The First Brabham F1 Car

1962 Brabham-Climax BT3 F1

Offered by Bonhams | Monaco | May 13, 2022

Photo – Bonhams

Motor Racing Developments Ltd, aka Brabham, was an F1 team that competed between 1962 and 1992. That makes this car from their first season as a team. Jack Brabham drove for Cooper the few years before this, and his business partner Ron Tauranac designed this car for Brabham to drive in 1962.

Power is from a 1.5-liter Coventry-Climax V8 that made about 157 horsepower in 1962 spec. The competition history for this chassis (F1-1-62) includes:

  • 1962 German Grand Prix (Nurburgring) – 19th, DNF (with Jack Brabham)
  • 1962 U.S. Grand Prix (Watkins Glen) – 4th (with Brabham)
  • 1962 Mexican Grand Prix – 2nd (with Brabham)
  • 1962 South African Grand Prix – 4th (with Brabham)
  • 1963 Monaco Grand Prix – Did not start (with Brabham)
  • 1963 Belgian Grand Prix (Spa) – 15th, DNF (with Brabham)
  • 1963 Austrian Grand Prix – 1st (with Brabham)
  • 1963 Italian Grand Prix – 5th (with Brabham)
  • 1964 British Grand Prix – 17th, DNF (with Ian Raby)
  • 1964 Italian Grand Prix – DNQ (with Raby)
  • 1965 British Grand Prix – 11th (with Raby)

Imagine the same F1 chassis competing in four different seasons today. This car had many other non-championship races and wins (that Austrian GP race was a non-points race). This car spent decades in the Donington Collection before the current owner bought it in the 2000s. This is a pretty remarkable piece of racing history and has a pre-sale estimate of $590,000-$850,000. Click here for more info.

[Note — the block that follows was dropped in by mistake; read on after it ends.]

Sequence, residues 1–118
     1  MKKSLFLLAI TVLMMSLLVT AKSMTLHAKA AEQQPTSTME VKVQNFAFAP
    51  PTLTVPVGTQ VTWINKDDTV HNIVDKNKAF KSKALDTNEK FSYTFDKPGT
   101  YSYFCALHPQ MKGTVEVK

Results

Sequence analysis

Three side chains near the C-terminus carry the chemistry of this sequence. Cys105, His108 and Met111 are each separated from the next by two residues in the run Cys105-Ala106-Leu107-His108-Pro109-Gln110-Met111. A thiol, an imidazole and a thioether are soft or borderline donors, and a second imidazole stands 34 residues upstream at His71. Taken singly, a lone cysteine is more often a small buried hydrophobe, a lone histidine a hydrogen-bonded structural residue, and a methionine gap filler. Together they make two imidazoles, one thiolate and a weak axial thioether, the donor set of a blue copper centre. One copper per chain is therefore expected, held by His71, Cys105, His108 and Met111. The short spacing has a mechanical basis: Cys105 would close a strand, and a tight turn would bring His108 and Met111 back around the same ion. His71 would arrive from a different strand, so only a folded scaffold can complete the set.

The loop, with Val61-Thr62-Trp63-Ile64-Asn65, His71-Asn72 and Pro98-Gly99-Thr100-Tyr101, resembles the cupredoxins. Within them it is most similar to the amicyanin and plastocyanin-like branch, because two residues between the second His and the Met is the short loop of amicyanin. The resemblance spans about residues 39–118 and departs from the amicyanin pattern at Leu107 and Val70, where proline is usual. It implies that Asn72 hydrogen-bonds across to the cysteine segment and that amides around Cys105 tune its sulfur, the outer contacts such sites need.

Williams FW21

1999 Williams-Supertec FW21

Offered by Bonhams | Monaco | May 13, 2022

Photo – Bonhams

Coming off of back-to-back CART championships, Alex Zanardi was on quite the hot streak going in to 1999. Williams, who won the constructor title in F1 in 1997, was also a hot commodity. But the pairing of the two never really led to anything. Zanardi drove just one season for Williams, 1999, finishing only six of 16 races.

It wasn’t all the car. Teammate Ralf Schumacher had three podiums and finished in the top five 11 times. The FW21 was powered by a year-old Renault 3.0-liter V10 that was branded “Supertec” after Renault pulled out of F1 at the end of 1998. The competition history for this chassis (#05) consists of (all with Zanardi):

  • 1999 San Marino Grand Prix – 11th
  • 1999 Monaco Grand Prix – 8th
  • 1999 Spanish Grand Prix – 19th, DNF
  • 1999 Canadian Grand Prix – 12th, DNF
  • 1999 French Grand Prix – 14th, DNF
  • 1999 British Grand Prix – 11th
  • 1999 Austrian Grand Prix – 19th, DNF
  • 1999 German Grand Prix – 14th, DNF
  • 1999 Hungarian Grand Prix – 22nd, DNF
  • 1999 Belgian Grand Prix – 8th